Full text is attached
International Committee of Medical Journal Editors
Uniform Requirements for Manuscripts Submitted to Biomedical Journals:
Ethical Considerations in the Conduct and Reporting of Research: Authorship and Contributorship
An “author” is generally considered to be someone who has made substantive intellectual contributions to a published study, and biomedical authorship continues to have important academic, social, and financial implications (1). An author must take responsibility for at least one component of the work, should be able to identify who is responsible for each other component, and should ideally be confident in their co-authors’ ability and integrity. In the past, readers were rarely provided with information about contributions to studies from persons listed as authors and in Acknowledgments (2). Some journals now request and publish information about the contributions of each person named as having participated in a submitted study, at least for original research. Editors are strongly encouraged to develop and implement a contributorship policy, as well as a policy on identifying who is responsible for the integrity of the work as a whole.
While contributorship and guarantorship policies obviously remove much of the ambiguity surrounding contributions, they leave unresolved the question of the quantity and quality of contribution that qualify for authorship. The ICJME has recommended the following criteria for authorship; these criteria are still appropriate for journals that distinguish authors from other contributors.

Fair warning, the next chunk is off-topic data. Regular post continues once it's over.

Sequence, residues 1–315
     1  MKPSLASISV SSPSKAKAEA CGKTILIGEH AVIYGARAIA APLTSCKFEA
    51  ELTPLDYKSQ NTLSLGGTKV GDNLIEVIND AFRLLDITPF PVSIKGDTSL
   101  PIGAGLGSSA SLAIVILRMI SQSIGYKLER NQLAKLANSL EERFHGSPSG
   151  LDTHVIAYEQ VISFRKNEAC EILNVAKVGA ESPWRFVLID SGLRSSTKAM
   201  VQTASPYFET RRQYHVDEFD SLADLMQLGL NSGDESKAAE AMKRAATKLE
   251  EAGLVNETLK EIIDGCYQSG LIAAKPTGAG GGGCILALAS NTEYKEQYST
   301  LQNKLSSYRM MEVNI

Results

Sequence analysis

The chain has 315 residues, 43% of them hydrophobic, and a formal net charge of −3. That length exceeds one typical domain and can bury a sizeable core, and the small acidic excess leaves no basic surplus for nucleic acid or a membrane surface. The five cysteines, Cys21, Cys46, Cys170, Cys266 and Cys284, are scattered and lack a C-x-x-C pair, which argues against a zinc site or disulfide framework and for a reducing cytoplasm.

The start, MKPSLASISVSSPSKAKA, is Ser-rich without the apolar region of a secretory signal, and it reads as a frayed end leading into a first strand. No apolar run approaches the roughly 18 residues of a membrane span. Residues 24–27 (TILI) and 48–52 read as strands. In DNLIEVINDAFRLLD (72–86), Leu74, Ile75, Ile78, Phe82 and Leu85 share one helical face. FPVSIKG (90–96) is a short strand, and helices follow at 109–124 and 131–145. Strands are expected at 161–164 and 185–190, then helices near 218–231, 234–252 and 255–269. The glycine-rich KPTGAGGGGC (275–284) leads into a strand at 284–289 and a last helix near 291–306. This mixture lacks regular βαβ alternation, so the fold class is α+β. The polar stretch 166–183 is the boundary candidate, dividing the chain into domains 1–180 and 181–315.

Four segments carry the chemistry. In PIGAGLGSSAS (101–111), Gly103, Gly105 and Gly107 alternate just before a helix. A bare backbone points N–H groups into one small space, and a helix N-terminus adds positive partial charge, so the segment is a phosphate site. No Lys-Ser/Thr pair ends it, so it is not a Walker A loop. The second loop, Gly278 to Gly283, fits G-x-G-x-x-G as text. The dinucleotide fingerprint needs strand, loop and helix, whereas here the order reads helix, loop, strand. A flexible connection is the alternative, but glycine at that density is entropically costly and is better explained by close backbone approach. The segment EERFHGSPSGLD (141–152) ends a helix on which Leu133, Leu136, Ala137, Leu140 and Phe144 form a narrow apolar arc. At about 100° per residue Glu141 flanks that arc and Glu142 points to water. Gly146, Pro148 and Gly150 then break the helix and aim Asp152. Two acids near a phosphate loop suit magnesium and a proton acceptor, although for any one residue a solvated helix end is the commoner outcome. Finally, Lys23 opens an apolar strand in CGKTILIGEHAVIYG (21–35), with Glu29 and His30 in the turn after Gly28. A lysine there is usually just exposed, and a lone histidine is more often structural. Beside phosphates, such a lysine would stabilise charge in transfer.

Authorship credit should be based on 1) substantial contributions to conception and design, acquisition of data, or analysis and interpretation of data; 2) drafting the article or revising it critically for important intellectual content; and 3) final approval of the version to be published. Authors should meet conditions 1, 2, and 3.
When a large, multicenter group has conducted the work, the group should identify the individuals who accept direct responsibility for the manuscript (3). These individuals should fully meet the criteria for authorship/contributorship defined above, and editors will ask these individuals to complete journal-specific author and conflict-of-interest disclosure forms. When submitting a manuscript authored by a group, the corresponding author should clearly indicate the preferred citation and identify all individual authors as well as the group name. Journals generally list other members of the group in the Acknowledgments. The NLM indexes the group name and the names of individuals the group has identified as being directly responsible for the manuscript; it also lists the names of collaborators if they are listed in Acknowledgments.
Acquisition of funding, collection of data, or general supervision of the research group alone does not constitute authorship.
All persons designated as authors should qualify for authorship, and all those who qualify should be listed.
Each author should have participated sufficiently in the work to take public responsibility for appropriate portions of the content.
Some journals now also request that one or more authors, referred to as “guarantors,” be identified as the persons who take responsibility for the integrity of the work as a whole, from inception to published article, and publish that information.
Increasingly, authorship of multicenter trials is attributed to a group. All members of the group who are named as authors should fully meet the above criteria for authorship/contributorship.
The group should jointly make decisions about contributors/authors before submitting the manuscript for publication. The corresponding author/guarantor should be prepared to explain the presence and order of these individuals. It is not the role of editors to make authorship/contributorship decisions or to arbitrate conflicts related to authorship.